A state or local government agency begins an administrative contested case proceeding by issuing a Notice of Hearing. The Notice of Hearing includes a description of what is in dispute, the names of the parties to the dispute, and some information about the rules that will govern how the hearing will be conducted. The Notice of Hearing names the administrative law judge and sets the time, date, and place of the hearing or prehearing conference. Once you receive the Notice of Hearing, you are a party to the case. The agency that sent the Notice of Hearing is usually also a party.
In some cases the administrative law judge may hold a prehearing conference before the hearing. The reasons for having a prehearing conference are: (1) to set a schedule of things that may have to happen before the hearing; (2) to help parties narrow the issues that are in dispute; and (3) to give parties a chance to discuss settling differences without a hearing, either informally or through mediation.
If there is going to be a prehearing conference before the hearing, the Notice of Hearing will include the time and place, or the administrative law judge will send you an order or letter notifying you of the time and place of any prehearing conferences.
IMPORTANT REMINDER: Read through the Notice of Hearing and any of the other documents that you received from the agency very carefully. Those documents not only tell you what the agency believes the contested issues to be, they also give you important information about deadlines and about what rights you have.
Along with the Notice of Hearing you may also have received a form with some blanks, called a Notice of Appearance. Fill in the blanks on that form and send it to OAH and the other party as soon as possible. The Notice of Appearance lets the Administrative Law Judge know that you will be attending the hearing and whether you will handle the contested case proceeding yourself or whether you will have a lawyer represent you.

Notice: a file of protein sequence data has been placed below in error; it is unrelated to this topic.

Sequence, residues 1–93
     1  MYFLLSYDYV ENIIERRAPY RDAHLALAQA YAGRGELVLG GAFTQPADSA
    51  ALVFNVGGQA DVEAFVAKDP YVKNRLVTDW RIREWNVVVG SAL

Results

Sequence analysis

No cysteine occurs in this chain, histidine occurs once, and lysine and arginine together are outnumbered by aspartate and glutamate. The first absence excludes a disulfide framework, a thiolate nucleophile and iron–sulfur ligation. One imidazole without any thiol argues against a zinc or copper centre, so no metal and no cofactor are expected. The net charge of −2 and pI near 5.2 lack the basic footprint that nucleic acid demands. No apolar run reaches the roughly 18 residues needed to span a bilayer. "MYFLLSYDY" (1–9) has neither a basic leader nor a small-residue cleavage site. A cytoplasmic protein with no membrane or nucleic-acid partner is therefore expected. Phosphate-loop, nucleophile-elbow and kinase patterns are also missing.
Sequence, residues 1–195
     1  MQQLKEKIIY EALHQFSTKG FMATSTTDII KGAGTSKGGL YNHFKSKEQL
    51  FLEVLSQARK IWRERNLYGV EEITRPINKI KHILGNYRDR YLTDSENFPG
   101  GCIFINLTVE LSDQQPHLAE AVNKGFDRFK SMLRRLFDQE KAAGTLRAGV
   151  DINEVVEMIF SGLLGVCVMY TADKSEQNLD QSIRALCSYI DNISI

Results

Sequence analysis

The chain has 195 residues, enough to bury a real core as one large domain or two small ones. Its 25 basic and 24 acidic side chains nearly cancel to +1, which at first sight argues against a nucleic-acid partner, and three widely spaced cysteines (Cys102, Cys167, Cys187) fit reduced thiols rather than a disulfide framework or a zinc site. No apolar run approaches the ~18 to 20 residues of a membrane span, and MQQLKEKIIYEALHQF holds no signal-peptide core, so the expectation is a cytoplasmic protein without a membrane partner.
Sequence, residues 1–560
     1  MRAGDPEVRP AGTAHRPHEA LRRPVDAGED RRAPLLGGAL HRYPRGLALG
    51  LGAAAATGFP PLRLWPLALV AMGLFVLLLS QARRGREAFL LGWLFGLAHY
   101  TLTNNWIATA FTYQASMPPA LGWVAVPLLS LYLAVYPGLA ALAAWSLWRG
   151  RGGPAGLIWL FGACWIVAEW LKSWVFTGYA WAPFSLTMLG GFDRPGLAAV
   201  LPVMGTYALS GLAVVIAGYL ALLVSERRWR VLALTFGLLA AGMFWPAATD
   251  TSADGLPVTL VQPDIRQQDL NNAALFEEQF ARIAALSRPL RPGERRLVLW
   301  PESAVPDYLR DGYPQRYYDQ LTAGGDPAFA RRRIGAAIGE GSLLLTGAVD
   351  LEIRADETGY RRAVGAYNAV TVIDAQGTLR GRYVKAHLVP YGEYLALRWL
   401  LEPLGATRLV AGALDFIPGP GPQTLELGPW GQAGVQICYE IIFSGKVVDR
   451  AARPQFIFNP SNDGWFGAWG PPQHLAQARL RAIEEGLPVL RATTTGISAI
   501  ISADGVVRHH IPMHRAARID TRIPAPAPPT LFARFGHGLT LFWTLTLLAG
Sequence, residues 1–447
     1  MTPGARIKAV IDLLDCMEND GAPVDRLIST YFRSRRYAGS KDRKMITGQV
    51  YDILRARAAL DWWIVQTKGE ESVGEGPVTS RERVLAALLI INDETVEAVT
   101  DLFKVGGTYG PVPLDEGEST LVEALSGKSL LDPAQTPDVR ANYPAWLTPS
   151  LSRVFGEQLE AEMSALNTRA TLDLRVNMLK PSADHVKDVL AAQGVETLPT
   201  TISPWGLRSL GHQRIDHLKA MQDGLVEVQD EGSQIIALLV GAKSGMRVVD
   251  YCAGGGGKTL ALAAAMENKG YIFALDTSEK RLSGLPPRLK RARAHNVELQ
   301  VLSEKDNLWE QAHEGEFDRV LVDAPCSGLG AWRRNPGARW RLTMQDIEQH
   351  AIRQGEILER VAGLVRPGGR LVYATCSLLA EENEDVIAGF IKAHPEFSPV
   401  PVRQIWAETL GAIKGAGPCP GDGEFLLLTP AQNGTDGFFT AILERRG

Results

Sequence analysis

You must have a good reason to change a hearing or prehearing conference date that is specified in the Notice of Hearing or in some other order. If you do have a good reason, you must contact the administrative law judge immediately and obtain his or her agreement to reschedule the hearing or the prehearing conference. The legal terminology for this is requesting a continuance, and you must make your request for a continuance well before the hearing is scheduled to take place.
IMPORTANT REMINDER: If a party fails to show up at a scheduled prehearing conference or hearing without the administrative law judge's prior consent, that party can be found to be "in default," which means that the issues in the case will be decided against that party without any further hearing
Usually the state or local government agency has a lawyer. You must decide whether you also want to have a lawyer representing you in the proceeding. It is your choice. If you do not know how to find a lawyer, the Minnesota State Bar Association maintains a Lawyer Referral Service that you can contact at the following numbers:
Hennepin County (612) 752-6666
Ramsey County (651) 224-1775
Dakota County (612) 431-3200
Other Counties 1-800-292-4152
Volunteer Lawyers Network (612) 752-6677
Low-income Minnesotans may qualify for assistance from Legal Aid offices. You can obtain further information about that at the following numbers:
Hennepin County (612) 334-5970, or (612) 752-6677
Ramsey County (651) 222-4731
Other Counties Contact the Minnesota State Bar Association at (612) 333-1183
IMPORTANT REMINDER: If you decide to handle your case by yourself, remember that you must follow the same hearing rules as a party who is represented by a lawyer. The administrative law judge must remain neutral and impartial. Although the administrative law judge may explain what is happening during the hearing and why, the judge cannot help either side or offer legal advice.
Administrative law judges must conduct their proceedings according to the Minnesota Administrative Procedure Act, found in Minnesota Statutes. Sections 14.57 through 14.62 of Minnesota Statutes deal with the legislature's requirements for contested case proceedings. Most public libraries throughout the state have copies of the current Minnesota Statutes. The state's Revisor of Statutes also makes Minnesota Statutes available on the Internet at www.revisor.leg.state.mn.us.